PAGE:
The City: A higher waterfront and a lower highway may be on tap for Lower Manhattan.
The city has a new proposal for protecting the Financial District and Seaport from future flooding: extending the eastern edge of Manhattan’s tip by up to 188 feet — while raising the shoreline and possibly taking down the elevated FDR Drive from the Brooklyn Bridge to the Battery.
The city’s Economic Development Corporation plans to reveal a master plan for the FiDi - Seaport resilience project — first proposed by Mayor Bill de Blasio in 2019 as a possible 500-foot extension of Lower Manhattan into the harbor — by the end of the year.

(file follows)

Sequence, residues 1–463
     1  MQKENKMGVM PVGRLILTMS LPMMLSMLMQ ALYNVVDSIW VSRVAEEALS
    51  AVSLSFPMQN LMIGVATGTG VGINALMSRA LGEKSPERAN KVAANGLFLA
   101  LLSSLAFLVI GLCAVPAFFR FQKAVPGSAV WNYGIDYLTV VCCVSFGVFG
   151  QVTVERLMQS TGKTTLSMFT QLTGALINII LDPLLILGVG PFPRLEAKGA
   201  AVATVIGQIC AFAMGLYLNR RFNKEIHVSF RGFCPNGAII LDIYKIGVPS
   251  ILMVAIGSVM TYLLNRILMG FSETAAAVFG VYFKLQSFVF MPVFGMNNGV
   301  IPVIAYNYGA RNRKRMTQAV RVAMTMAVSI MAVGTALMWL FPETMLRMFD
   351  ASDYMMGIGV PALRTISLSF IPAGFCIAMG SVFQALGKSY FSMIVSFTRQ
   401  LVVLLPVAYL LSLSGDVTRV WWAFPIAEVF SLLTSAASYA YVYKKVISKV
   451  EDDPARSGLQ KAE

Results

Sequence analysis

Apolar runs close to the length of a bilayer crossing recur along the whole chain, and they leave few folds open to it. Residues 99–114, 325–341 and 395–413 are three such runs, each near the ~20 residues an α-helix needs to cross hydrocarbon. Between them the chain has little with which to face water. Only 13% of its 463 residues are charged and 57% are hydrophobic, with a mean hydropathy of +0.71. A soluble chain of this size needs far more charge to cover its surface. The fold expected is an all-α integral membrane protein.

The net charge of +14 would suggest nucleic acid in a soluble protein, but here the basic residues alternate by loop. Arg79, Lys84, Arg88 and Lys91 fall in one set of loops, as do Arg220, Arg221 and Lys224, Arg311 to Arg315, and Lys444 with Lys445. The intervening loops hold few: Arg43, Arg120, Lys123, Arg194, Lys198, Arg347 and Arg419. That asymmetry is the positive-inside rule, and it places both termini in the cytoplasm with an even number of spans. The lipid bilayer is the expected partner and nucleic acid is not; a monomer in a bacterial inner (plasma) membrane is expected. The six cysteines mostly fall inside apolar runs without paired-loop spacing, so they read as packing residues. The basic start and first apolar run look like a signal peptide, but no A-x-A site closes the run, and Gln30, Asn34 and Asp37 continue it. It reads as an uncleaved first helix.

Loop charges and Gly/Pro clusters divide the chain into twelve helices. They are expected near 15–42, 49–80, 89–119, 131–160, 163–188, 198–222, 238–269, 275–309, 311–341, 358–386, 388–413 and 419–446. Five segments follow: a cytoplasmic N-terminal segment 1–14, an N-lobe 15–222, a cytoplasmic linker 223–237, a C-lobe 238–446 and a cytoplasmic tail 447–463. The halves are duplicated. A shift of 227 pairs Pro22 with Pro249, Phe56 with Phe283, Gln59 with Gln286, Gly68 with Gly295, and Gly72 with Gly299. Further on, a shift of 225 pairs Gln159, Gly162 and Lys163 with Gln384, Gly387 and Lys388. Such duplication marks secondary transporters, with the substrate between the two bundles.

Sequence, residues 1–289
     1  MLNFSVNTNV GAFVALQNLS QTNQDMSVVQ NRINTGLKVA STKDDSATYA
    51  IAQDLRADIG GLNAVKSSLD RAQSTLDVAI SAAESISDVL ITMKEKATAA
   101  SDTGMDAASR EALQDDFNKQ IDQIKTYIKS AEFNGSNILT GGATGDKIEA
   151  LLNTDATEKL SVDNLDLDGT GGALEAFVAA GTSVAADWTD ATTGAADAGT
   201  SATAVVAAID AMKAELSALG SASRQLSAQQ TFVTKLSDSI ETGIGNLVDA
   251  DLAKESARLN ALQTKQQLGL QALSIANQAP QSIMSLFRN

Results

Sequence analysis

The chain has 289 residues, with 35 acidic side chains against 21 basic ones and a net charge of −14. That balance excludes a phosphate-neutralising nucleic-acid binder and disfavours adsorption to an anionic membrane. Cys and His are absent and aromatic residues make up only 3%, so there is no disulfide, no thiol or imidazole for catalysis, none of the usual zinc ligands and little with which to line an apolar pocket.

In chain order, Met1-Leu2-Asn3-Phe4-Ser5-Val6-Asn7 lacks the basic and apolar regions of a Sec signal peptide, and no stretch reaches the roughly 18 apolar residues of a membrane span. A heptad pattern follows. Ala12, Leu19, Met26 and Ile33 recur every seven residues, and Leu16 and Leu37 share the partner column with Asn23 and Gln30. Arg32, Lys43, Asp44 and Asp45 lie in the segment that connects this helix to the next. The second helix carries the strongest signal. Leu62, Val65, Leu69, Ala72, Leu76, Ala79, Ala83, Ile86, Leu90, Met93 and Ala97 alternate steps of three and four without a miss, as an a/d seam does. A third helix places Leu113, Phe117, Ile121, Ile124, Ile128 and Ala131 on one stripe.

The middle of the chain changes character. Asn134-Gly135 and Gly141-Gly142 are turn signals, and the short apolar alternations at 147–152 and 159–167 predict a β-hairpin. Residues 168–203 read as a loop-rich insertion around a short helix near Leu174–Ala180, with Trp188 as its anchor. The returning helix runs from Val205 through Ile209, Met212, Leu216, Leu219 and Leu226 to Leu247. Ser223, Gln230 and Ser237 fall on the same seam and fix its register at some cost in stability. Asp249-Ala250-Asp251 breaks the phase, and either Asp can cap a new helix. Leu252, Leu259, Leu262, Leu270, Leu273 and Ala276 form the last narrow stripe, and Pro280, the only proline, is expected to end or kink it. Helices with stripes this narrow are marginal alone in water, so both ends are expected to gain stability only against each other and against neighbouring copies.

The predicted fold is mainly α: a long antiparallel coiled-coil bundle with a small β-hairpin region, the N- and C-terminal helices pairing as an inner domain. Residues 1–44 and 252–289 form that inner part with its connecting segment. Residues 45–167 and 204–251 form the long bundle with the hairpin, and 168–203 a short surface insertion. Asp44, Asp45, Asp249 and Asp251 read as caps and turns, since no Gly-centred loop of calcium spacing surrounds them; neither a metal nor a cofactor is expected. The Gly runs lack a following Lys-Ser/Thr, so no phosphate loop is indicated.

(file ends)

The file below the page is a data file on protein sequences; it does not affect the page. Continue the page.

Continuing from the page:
The concept developed from big-picture thinking following Superstorm Sandy about how to protect low-lying parts of the island. In the Financial District, daily high tides will likely flood the area two to three blocks inland by 2100, according to the EDC’s analysis of Federal Emergency Management Agency data. By then, coastal storms could surge 18 feet above the current esplanade.
And within that section of Manhattan is a dizzying array of critical infrastructure, both below ground and above — including subway tunnels, office buildings, homes and utilities.
“I can’t imagine anywhere in the United States that is a bigger conundrum in terms of resilience infrastructure,” said Melanie Dupuis, a Pace University environmental studies and science professor who has been keeping an eye on the project. “If they can solve that one they can solve anything. They’ll have to solve it with money and lots of very innovative engineering.” Read more>>